Tag Archives: italian

Independents in Ipswich – Caffè Basso

Of late, like towns and cities across the country, Ipswich has suffered an invasion. A plague. An epidemic. For a great wave of identikit cappuccinos, dubious frappes (Nero is currently proudly proclaiming to have ‘the iciest coffee’ – what?!) and overpriced paninis has swept through the town, leaving non-branded coffee quaking in its wake.

A 'pumpkin-spiced latte with chai', according to the kind Flickr person from whom I borrowed it

It might have hit Suffolk a bit later than elsewhere, but the cult of the chain café has done its damage here too. Despite spending too many of my formative years ensconced in the sofas of Ipswich’s first Nero, whether it be gossiping, revising (from A-level geography to the finer points of the Faerie Queene) or, lately, knitting and being nosey, now even I’m slowly moving away from my favourite haunt. In the last five years, the grip of the chain café has just become too strong.

The worst victim is the poor old Great White Horse Hotel, which has now been colonised by a Starbucks. It’s admittedly one of the more elegant ones, but the fact that the other half of the building is home to a fly-by-night shop selling diamante and sequin covered handkerchiefs masquerading as skirts slightly detracts from its supposedly classy image. Together with the Carr Street Costa and the original Nero, it forms a Bermuda Triangle of mass-market coffee shops, all within about twenty paces of each other.

But now, finally, Ipswich is fighting back. It’s always had a few old-fashioned, tea-and-bun style establishments, like Pickwicks, or Blends in the Buttermarket, but nothing to tug a younger generation away from the lure of Starbucks.

Not so now. Every time I come home, there’s another shiny new café, brimming with good coffee, individual touches and an optimism which will hopefully sustain them through the recession.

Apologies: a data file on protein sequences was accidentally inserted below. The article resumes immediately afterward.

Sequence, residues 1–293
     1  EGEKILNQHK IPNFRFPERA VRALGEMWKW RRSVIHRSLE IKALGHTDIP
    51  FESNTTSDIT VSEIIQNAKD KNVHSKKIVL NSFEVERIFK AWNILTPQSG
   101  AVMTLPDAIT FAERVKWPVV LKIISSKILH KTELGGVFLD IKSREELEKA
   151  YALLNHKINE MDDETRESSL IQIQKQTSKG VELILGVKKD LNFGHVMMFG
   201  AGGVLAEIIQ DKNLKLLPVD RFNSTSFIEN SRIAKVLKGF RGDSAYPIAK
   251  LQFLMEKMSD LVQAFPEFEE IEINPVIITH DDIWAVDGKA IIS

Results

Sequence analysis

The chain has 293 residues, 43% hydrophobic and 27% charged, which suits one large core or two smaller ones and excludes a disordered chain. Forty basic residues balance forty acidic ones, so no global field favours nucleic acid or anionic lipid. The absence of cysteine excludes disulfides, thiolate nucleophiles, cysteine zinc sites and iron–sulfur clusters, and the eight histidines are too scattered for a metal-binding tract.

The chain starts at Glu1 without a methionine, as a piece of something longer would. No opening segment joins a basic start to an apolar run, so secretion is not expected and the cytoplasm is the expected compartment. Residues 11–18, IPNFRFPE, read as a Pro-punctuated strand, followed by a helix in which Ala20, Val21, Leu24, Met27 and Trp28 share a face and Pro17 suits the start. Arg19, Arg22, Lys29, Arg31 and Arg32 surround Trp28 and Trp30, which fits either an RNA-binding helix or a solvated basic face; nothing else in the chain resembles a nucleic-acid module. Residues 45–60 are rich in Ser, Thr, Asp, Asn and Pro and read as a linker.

In the last few days I’ve managed to fit in two visits to Caffè Basso (being a soon-to-be-employed journalist is tough). It’s been around for more than a year now, but, shamefully, I’d never been before – now I wish I had.

It’s great. Glass-fronted and sleek, if it wasn’t for the unavoidable view of the Co-op car park, you could almost forget you were in England. They’ve tried to make it as authentic as possible, and apart from the jarring note of a bottle of Smirnoff Ice in the fridge (what?!), they succeed . Italian radio plays in the background and even the toilet pays homage to Basso’s roots – one of the walls is decorated entirely with Italian newspaper pages, covered in glass. In other hands it could have been tacky, but everything is done lightly and elegantly, so it’s classy rather than kitsch.

The coffee list is refreshingly to the point, with some new names to add to the familiar list, including a Corretto (which I’d never seen before), a coffee with an added shot of sambuca. Maybe not for breakfast.

Beer + Coffee = Perfection

But the coffee – even sambuca-less – is really very good. Their cappuccino was small, with just the right amount of tight-bubbled creamy froth rather than the shaving foam beloved of some places, and the coffee was strong without being bitter.

It’s licensed, so you can have my current favourite pairing – an espresso with a beer. The cakes displayed behind the beautiful curved glass counter look gorgeous – my friend’s ‘americano’ (New York-style) cheesecake was generous and creamy, her only complaint the lack of a proper biscuit base (‘it’s the best bit!’). They also do a mean-looking tiramisu, a couple of tortas and, unusually for Ipswich anyway, delicious ricotta-filled cannoli.